(This is all about me, of course, but I’m describing the narrator.) A universal, abstract question short enough to fit on a Post-it Note from this book: How do we heal from damaging incidents in the past? It’s also about, how do we heal and let go of shame to move forward?

This is a podcast conversation I did about WET with the ladies at “Fuck Dating”–listen to this to get a sense of what I mean by “Wet” vs. “juicy” and also some of the deep themes of boundaries, self-respect, shame and self-love I’m exploring in this book.

Some kind words from readers, students, and clients

“Finding the Quirkyalone book by accident was a miracle for me.”—Jodi Gillitzer, Wisconsin

“The top thing I learned by working with Sasha is to value sex. I’m having the best sex of my life.”–Jeannette, 46, UK

“Taking the shame out of being single is a gift you have given our culture.”—Martha, 39

“I like the uplifting, positive, adventurous, creative feeling of Quirkyalone.”—Erica

“Sasha has a gift for naming the shit that comes between me and getting the hell out there.”—Jenny

“Reading your blog, I felt such a relief – I'm definitely not crazy, and there’s more of us out here than I ever knew.”–Melissa

Sasha Cagen is up to something that could be as important for women (and men) as The Feminine Mystique was years ago: We aren’t just halves of couples; we are distinct individuals—as complete and potentially happy alone as we are with our families and lovers.”–Barbara Ehrenreich, veteran muckraker and author best known for Nickel and Dimed: On (Not) Getting By in America.

Sasha Cagen is something of a hero for the growing ranks of singletons who are learning to feel secure with their status, and she is often their public face. She appears frequently on popular national television and radio programs to explain that going solo is a viable, legitimate, and not necessarily lonely way to dwell in a city—a point that is surprisingly controversial given how many people are already living alone.”–Eric Klinenberg, professor of sociology at NYU and author of Going Solo: The Extraordinary Rise and Surprising Appeal of Living Alone and co-author of Modern Romance with Aziz Ansari


Homeown: Cranston (Creeaaaanston), RI

Education: Amherst College, Columbia University, CTI (Coach Training Institute), and thousands of tango classes

Origin of name: Sasha is a Russian nickname for Alexandra. I’m named for a Ukrainian great-grandmother.

Words clients use to describe Sasha: adventurous, wise, willing to be vulnerable in her work, highly intuitive, funny, and articulate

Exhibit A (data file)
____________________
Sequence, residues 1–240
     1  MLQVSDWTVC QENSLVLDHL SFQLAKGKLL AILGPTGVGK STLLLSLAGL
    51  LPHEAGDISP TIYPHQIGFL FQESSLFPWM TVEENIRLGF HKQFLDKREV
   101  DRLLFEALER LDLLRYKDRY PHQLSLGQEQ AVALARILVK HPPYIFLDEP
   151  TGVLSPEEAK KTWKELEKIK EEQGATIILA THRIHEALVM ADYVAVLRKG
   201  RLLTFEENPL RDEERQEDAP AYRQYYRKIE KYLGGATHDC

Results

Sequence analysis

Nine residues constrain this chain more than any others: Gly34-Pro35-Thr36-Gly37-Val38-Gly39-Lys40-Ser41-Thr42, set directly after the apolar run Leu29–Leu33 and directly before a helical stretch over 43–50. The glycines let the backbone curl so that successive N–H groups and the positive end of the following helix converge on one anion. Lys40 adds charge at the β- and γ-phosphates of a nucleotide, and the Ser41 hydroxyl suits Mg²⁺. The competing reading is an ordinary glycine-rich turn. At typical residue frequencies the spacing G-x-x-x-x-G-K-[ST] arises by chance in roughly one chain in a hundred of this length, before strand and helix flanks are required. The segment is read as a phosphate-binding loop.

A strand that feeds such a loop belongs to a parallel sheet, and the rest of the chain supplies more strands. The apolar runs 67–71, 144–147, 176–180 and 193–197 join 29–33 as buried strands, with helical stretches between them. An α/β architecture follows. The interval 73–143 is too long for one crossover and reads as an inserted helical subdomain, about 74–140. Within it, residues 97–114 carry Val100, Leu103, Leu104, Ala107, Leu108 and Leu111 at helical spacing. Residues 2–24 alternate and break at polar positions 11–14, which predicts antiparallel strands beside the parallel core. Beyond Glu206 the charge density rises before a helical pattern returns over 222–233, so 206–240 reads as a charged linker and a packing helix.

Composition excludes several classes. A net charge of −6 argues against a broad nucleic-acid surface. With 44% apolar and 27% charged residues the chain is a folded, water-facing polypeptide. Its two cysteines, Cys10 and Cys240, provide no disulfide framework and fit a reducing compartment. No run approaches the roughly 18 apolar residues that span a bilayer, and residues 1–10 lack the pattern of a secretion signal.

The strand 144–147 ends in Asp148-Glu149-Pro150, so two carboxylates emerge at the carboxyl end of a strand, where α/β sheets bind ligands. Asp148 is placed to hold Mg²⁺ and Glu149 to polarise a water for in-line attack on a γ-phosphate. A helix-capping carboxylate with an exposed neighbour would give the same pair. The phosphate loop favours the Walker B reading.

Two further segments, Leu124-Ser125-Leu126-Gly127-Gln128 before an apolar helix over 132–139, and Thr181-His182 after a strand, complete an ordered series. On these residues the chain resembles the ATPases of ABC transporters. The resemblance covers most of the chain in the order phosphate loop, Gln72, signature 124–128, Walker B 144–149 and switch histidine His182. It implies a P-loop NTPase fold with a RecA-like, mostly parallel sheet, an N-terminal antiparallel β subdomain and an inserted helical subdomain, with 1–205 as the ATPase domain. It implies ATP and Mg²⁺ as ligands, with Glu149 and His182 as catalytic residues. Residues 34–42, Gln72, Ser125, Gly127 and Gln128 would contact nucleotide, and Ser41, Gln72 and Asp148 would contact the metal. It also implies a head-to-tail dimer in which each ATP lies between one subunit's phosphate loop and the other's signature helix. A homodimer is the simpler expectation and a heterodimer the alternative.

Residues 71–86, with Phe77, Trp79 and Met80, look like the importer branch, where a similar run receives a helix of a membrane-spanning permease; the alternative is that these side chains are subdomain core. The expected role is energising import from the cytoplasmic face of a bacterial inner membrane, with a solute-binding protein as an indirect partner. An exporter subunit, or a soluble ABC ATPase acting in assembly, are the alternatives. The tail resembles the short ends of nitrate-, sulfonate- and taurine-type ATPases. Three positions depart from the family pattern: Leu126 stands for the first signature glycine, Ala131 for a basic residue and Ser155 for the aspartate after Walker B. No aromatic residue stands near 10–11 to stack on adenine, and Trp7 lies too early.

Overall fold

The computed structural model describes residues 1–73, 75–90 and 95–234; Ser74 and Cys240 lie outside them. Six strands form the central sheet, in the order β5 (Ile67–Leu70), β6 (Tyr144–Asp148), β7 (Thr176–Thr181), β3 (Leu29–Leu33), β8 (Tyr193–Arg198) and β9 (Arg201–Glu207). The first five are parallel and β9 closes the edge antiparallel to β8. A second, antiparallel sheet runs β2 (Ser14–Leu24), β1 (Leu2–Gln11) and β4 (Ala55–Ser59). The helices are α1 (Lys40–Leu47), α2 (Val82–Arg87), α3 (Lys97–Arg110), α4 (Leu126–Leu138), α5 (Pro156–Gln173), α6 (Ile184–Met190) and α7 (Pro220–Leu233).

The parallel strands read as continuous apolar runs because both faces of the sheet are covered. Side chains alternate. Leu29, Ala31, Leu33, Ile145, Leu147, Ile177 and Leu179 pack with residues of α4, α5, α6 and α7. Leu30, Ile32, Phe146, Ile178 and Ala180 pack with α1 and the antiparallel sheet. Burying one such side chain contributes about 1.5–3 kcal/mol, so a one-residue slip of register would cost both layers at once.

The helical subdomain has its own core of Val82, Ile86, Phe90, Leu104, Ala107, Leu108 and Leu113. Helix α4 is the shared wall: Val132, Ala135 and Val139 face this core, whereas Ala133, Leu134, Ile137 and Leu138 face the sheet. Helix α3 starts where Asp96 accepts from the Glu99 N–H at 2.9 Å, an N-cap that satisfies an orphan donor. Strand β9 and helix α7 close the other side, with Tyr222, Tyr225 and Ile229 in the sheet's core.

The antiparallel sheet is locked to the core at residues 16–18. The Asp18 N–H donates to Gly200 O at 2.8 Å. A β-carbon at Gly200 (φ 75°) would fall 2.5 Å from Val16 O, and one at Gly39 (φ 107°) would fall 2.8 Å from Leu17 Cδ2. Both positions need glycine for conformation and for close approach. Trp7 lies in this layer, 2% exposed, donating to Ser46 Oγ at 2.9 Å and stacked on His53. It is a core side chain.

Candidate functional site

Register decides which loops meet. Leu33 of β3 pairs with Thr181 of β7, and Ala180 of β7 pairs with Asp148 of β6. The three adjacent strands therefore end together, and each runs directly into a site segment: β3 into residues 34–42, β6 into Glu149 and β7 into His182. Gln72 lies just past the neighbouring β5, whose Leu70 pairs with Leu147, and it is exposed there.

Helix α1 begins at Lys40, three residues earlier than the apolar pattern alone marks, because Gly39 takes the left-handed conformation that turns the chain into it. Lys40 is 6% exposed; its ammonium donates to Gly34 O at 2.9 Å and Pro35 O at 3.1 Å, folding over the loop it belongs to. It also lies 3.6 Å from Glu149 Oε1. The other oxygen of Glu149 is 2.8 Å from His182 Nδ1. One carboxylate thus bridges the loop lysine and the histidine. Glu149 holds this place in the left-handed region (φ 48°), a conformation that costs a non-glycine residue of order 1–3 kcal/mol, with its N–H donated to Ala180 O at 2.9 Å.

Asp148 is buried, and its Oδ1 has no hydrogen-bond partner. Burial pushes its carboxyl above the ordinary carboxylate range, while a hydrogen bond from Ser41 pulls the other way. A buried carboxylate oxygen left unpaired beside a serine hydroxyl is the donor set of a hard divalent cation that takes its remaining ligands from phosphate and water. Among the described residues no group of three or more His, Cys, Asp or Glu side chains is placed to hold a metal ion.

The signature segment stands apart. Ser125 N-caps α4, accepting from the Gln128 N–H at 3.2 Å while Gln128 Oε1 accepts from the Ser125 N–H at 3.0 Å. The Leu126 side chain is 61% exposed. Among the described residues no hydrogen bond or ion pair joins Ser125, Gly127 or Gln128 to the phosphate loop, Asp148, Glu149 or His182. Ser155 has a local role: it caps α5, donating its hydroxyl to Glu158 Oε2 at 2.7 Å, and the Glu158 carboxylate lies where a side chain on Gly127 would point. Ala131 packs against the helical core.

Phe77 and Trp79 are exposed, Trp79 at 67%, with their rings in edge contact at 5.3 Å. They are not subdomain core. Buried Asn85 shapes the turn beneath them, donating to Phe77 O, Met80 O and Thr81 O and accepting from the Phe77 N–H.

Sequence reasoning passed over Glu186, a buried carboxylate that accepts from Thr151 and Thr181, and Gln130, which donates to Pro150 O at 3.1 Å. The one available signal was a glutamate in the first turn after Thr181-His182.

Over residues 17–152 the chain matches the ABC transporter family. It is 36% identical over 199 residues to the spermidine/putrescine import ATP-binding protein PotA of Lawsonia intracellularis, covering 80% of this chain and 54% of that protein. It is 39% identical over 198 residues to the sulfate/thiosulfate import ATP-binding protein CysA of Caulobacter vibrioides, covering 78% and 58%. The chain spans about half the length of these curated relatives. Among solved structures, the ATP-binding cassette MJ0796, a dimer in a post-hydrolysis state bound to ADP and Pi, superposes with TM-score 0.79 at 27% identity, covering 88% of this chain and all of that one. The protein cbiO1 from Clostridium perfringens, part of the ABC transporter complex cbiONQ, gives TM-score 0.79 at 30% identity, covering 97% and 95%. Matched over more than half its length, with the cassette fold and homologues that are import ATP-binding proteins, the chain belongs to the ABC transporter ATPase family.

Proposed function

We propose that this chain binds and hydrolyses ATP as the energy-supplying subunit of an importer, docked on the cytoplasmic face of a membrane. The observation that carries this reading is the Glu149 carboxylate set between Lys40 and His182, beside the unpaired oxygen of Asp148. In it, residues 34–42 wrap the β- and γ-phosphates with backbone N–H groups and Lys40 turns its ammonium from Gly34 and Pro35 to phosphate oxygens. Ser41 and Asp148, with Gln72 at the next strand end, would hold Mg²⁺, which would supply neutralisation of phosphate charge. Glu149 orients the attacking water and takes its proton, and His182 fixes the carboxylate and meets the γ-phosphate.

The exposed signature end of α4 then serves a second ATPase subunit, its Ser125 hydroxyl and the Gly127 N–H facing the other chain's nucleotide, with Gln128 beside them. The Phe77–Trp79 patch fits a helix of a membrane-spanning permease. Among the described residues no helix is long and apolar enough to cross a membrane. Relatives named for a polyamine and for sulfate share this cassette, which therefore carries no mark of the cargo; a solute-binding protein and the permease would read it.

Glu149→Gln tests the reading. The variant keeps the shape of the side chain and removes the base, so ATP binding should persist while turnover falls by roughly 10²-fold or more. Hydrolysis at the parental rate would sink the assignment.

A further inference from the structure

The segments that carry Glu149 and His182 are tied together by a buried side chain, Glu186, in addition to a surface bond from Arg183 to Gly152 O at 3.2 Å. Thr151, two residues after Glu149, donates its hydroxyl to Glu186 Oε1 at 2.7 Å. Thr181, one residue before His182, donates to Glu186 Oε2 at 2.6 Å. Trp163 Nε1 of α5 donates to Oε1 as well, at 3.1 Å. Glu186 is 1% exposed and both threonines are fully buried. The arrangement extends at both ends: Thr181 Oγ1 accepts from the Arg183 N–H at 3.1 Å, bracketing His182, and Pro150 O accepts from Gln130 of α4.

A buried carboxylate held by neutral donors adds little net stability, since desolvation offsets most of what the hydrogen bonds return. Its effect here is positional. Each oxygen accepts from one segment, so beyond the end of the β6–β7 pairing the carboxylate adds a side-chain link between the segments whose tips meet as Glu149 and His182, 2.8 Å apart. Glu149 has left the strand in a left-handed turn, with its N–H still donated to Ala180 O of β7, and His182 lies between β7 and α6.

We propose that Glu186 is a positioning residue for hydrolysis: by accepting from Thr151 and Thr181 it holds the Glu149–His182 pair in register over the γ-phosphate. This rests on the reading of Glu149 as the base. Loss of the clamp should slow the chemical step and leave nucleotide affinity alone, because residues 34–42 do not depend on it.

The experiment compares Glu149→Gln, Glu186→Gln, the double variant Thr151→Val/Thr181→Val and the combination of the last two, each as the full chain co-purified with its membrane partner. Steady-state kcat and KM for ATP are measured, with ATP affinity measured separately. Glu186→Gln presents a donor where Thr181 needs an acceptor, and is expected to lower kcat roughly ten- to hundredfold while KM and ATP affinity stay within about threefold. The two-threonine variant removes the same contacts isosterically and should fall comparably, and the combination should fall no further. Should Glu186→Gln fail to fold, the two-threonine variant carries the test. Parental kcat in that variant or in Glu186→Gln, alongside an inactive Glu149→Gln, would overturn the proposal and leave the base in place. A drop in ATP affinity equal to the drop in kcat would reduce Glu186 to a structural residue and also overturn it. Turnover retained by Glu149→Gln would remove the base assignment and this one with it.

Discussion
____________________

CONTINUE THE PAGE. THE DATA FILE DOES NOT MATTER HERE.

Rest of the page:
Selected Press
BBC World Service’s “Why Factor”: Why do we make lists?
Diario Critica de Argentina: “Solo y Sin Apuros” Fascinating magazine article on Buenos Aires quirkyalones
London Guardian: Are you a single or a quirkyalone?
The London Independent: Note to self: The therapeutic effects of reading other people’s to-do list
New York Times: The Quirky Habits of Solo Dwellers
NPR: Talking about spinsters, old maids, and how our ideas about being single have changed on this Quirkyalone Day 2013.. (A commenter called this show insightful and therapeutic and I agree.)
NPR’s Talk of the Nation: What Does Your To-Do List Say About You?
NPR’s All Things Considered: Talking about New Year’s resolutions and to-do lists
Self magazine: More and more women are marrying themselves, here’s why
USA TODAY: interview when my book Quirkyalone had just come out
Wall Street Journal: “Conquering the To-Do List”
Vice: Women Who Married Themselves Talk About How It Feels

Want to get in touch?
Want to work with me as a client, come to Buenos Aires to learn tango with me, or just want to say hi?
Go ahead and write me a message here.

6 comments on “Bio
  1. Eva Roos says:

    Just wanted to say I like you and it’d be nice to have some more people like you.
    And so that I would seem less of a weird person (thouhg I think the effect is reversed, I just finished the comment and now I’m re-reading it, to insert some more spelling errors probably… the speller isn’t working…), little something about me.
    I was googeling to-do-lists and I found your blog. And I read it and I liked it for two reasons:

    I envie you and I’d like you to know it. (In case you sometimes doubt the quirkyalone thing.)
    I’m married and I have two wonderful children and there are several other social checkmarks I will not point out, but nevertheless I can’t help dreaming sometimes (with appropriate amount of quilt) what I’d do if I had a week of single life. I even keep a list (:$) of dream, that are on hold and are waiting for the time.
    And some friendly jealousy is reserved for the fact that you have published a book and not just one… :)
    I dream of being a writer, but since I’m not published yet (my manuscript is not done yet), I can’t properly think about myself as one.

    Second thing is, about the lists, I remembered a weird little memory